Chrysomelas, which is Latin for black and yellow, describes the coloration of this species. They are black or dark brown with yellow blotches. Gopher rockfish (Sebastes carnatus) resemble them very closely, but gophers are brown or dark brown with large pink or whitish blotches. Both species are deep bodied with large head spines.
Distribution, Stock Structure and Migration
Black-and-yellow rockfish are distributed from Cape Blanco, Oregon to Isla San Natividad, central Baja California, but they are less common south of San Diego, California. They are demersal (bottom dwelling), usually in water less than 60 ft, although they have also been found at depths up to 120 ft. They are a residential species that inhabit kelp beds and rocky reefs. After establishing residence, the adults are highly territorial and travel no more than 2 km from their home range.
Age and Growth
Whole otoliths have been used to age this species to a maximum of 30 yr. Based on a calculated age-length relationship, an 8-in. TL black-and-yellow rockfish is approximately 3-4 yr old, and a 10-in. fish is approximately 6 yr old, and a 12-in. fish is 10-11 yr old. The maximum-recorded total length of this species is 15.3 inches.
Reproduction, Fecundity and Seasonality
In central and northern California waters, males and females reach first maturity at 3 yr old, possibly as old as 4 yr for males and 6 yr for females. Corresponding total lengths range from 5.1 to 9.4 in. TL for males, and 5.3 to 9.6 in. TL for females. Fifty percent of the male population will reach maturity at 3 yr old, between 5.1 and 6.5 in. TL, while half of the female population will reach first maturity between 5.3 and 6.3 in. TL, at 3 or 4 yr old.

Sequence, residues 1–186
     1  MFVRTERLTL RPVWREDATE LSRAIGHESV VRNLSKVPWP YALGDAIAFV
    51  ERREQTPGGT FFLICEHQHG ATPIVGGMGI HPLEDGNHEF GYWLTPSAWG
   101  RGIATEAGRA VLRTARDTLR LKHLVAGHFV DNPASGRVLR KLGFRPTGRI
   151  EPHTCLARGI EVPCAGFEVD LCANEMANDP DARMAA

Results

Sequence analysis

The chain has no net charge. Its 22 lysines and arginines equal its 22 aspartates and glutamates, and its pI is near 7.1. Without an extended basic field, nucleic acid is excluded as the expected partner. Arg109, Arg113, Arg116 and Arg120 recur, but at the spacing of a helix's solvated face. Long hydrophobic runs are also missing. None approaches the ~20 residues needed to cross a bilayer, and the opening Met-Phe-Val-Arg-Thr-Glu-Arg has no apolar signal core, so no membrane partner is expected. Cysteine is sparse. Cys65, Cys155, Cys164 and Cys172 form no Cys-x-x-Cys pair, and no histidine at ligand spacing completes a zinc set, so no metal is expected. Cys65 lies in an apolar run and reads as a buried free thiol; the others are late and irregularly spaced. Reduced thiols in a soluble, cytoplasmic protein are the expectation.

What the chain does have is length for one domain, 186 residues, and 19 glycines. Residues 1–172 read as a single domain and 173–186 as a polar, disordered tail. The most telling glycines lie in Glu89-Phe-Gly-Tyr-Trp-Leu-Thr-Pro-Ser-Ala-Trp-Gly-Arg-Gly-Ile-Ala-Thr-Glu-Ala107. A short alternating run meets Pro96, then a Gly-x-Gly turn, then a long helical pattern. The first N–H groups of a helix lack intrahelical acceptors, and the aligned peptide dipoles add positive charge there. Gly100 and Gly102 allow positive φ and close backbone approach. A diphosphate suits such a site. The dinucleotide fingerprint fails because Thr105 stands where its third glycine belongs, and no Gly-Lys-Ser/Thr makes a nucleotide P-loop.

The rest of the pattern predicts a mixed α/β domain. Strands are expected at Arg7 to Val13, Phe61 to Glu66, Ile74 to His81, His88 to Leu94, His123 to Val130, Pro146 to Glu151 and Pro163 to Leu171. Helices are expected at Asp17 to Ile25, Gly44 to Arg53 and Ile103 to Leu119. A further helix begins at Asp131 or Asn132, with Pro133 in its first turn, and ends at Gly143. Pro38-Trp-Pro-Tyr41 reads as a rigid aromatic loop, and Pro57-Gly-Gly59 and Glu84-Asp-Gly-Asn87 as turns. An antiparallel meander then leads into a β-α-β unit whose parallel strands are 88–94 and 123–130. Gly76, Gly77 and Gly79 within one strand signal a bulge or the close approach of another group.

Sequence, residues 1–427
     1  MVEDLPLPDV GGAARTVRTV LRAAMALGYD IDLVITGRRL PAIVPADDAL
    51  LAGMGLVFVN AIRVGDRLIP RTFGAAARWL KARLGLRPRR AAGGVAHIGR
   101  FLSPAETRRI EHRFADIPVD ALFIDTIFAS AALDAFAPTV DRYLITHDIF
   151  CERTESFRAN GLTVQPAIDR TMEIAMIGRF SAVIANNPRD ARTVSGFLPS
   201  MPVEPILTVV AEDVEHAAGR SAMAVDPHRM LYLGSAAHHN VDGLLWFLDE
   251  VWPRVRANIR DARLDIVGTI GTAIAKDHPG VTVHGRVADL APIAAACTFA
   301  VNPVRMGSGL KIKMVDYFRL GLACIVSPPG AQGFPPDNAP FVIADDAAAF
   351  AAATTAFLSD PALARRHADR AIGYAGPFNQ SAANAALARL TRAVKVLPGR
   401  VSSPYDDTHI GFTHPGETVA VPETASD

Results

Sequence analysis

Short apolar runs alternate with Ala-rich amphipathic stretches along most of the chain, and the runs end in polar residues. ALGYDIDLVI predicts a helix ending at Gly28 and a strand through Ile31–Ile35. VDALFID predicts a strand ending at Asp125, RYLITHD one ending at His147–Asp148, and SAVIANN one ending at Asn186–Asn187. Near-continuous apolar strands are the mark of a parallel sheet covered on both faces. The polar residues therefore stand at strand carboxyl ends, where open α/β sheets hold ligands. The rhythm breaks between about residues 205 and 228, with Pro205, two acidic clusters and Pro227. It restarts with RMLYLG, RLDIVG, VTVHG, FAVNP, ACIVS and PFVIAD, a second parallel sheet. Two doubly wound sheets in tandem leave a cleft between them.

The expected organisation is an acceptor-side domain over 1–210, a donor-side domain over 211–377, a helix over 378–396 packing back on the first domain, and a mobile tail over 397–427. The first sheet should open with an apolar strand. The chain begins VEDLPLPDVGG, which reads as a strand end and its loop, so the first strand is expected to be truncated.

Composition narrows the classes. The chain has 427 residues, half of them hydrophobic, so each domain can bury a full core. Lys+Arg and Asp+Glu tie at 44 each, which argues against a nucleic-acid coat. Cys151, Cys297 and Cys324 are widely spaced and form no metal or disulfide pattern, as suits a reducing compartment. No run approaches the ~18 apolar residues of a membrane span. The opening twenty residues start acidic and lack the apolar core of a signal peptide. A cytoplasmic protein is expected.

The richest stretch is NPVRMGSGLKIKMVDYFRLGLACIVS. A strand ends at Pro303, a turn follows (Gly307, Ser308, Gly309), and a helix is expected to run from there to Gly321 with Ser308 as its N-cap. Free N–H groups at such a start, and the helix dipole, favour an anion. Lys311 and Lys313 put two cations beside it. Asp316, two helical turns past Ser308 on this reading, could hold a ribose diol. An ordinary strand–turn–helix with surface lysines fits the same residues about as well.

Spawning occurs off California from February through the end of July, with peak spawning in February and March. Female black-and-yellows may be carrying fertilized eggs anytime between October and the end of February. In central California, June is the primary month of first appearance of young-of-the-year in kelp bed areas, and they are usually first observed in the kelp canopy.
Estimates of natural mortality are not available for black-and-yellow rockfish.
Adult black-and-yellows are nocturnal feeders, ambushing their prey between dawn and dusk. Predators of the adults include sharks, dolphins, and seals, while juveniles are prey of birds, porpoises, and fishes, including rockfishes, lingcod, cabezon, and salmon.
Black-and-yellow rockfish probably compete for food and space with gopher rockfish. When both species are present, the more aggressive black-and-yellows exclude gophers from shallower depths.
Larvae and young juveniles are pelagic, but the juveniles will eventually become demersal and settle on nearshore rocky areas or in kelp forests. Among the nearshore rockfishes, this species and grass rockfish have the most shallow depth distributions.
Status of Stocks
No formal stock assessments have been made for this species.
Information on this page was originally presented in the Nearshore Fishery Management Plan (these profiles updated July, 2010).